The 50th anniversary of the War on Poverty naturally prompts reflection on how much progress has been made and how to chart a path forward. While there is a marked divergence in the diagnosis of poverty’s roots and the policy prescriptions necessary to address them, a consensus is emerging that new efforts are needed to promote opportunity, economic mobility and to ensure that the American Dream remains attainable.
The idea that any person, no matter his or her starting place at birth, can get ahead and build a successful life lies at the heart of the American Dream. By providing the resources to weather the unexpected or invest in the future, savings can boost the immediate financial circumstance of one generation and the future prospects for the next. In fact, the Pew Economic Mobility Project finds that, among children born into families in the lowest income quartile, nearly three-quarters moved up over a generation if their parents were high-saving as opposed to only half of children with low-saving parents.
In the Obama administration’s budget request for fiscal year 2015, investments in saving and asset building are $573 billion.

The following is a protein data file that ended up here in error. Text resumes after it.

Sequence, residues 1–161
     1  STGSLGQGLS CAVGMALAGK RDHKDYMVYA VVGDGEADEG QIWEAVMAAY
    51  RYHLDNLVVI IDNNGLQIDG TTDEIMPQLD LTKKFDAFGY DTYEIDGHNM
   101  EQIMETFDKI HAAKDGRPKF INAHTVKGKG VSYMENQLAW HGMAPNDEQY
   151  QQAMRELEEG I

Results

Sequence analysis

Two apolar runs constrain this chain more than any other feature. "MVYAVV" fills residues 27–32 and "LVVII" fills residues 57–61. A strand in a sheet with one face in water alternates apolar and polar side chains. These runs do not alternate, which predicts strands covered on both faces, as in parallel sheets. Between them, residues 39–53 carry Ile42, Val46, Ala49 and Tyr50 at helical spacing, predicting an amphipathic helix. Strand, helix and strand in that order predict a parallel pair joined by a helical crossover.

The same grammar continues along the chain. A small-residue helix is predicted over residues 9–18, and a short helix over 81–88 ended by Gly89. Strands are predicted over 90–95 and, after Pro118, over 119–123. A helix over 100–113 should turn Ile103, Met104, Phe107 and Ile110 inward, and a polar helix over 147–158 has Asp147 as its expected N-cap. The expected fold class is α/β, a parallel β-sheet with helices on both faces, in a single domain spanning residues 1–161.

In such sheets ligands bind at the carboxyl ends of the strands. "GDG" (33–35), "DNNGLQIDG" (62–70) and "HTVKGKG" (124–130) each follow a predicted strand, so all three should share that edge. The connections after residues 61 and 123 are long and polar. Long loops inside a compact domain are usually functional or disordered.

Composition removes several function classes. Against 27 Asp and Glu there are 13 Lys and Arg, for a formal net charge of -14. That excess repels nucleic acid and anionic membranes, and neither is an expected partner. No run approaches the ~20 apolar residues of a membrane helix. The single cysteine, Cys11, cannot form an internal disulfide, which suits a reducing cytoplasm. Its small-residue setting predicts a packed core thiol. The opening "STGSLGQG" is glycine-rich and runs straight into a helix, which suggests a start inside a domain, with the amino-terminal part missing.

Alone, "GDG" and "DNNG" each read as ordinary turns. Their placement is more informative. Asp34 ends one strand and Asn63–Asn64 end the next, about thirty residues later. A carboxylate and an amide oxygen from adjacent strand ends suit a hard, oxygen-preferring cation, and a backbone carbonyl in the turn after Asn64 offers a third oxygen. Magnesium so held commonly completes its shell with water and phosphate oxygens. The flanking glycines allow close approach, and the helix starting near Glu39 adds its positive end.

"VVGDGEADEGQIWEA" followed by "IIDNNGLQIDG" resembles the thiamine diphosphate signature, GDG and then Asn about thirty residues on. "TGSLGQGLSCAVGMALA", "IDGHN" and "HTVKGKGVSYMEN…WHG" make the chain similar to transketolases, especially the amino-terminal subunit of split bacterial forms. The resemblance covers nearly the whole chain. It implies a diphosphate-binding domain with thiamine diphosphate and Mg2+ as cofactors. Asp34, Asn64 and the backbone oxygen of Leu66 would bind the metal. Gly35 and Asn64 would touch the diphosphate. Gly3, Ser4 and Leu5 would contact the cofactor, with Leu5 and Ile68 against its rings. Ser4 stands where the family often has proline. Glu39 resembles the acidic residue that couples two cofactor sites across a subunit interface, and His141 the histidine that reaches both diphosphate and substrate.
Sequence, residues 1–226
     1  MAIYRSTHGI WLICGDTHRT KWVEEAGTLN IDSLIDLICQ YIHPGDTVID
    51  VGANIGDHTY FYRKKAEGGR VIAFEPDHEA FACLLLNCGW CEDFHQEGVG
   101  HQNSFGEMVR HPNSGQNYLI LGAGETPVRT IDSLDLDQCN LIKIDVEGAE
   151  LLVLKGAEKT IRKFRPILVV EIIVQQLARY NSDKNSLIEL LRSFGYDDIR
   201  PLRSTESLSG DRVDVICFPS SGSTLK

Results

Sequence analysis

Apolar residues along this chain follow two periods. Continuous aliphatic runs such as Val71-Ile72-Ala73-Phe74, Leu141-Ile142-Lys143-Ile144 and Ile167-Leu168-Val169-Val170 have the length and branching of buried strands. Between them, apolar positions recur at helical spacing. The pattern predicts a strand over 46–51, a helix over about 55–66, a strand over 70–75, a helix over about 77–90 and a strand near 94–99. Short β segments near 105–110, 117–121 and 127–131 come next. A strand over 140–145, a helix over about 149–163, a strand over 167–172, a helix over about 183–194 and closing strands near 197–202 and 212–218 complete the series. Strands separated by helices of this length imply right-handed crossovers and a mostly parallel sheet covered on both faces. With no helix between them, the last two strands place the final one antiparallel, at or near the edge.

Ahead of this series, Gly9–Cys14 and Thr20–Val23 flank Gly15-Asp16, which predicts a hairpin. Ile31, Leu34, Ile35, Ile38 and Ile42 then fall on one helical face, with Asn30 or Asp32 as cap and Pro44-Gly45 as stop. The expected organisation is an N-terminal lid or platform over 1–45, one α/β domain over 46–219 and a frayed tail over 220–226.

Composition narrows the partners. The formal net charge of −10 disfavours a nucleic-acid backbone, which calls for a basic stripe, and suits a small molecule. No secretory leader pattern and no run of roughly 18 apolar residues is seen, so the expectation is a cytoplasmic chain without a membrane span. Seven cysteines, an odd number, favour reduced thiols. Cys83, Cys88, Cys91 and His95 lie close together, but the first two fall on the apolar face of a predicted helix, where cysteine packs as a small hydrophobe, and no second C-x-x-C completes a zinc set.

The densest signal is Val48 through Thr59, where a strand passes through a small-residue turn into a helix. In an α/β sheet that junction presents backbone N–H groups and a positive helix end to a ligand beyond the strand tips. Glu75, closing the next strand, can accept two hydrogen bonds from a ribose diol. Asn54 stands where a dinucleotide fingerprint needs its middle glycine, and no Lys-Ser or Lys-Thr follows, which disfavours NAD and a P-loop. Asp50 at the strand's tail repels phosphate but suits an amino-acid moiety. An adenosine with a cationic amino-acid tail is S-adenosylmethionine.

- Savings and Investment: $124 billion
- Retirement: $148 billion
- Homeownership: $245 billion
- Post-secondary education: $56 billion
This is a substantial sum, an investment justified by the goals of mobility and resiliency that savings and investment, retirement savings, homeownership, and post-secondary education have been demonstrated to support. Unfortunately, the overwhelming majority of these resources will be directed through the tax code, heavily weighing the scales in favor of middle- and upper-income families who are better able to take advantage of tax preferences, leaving little directed to the seventy percent of households with incomes too low to claim these benefits. The imbalance created by this approach worsens wealth inequality and misses the potential of assets to help chart a path out of poverty and to strengthen the middle class. This paper provides an assessment of federal spending in support of asset building objectives, accounting of each program within the four primary asset categories, and proposes ideas that would rebalance the scales.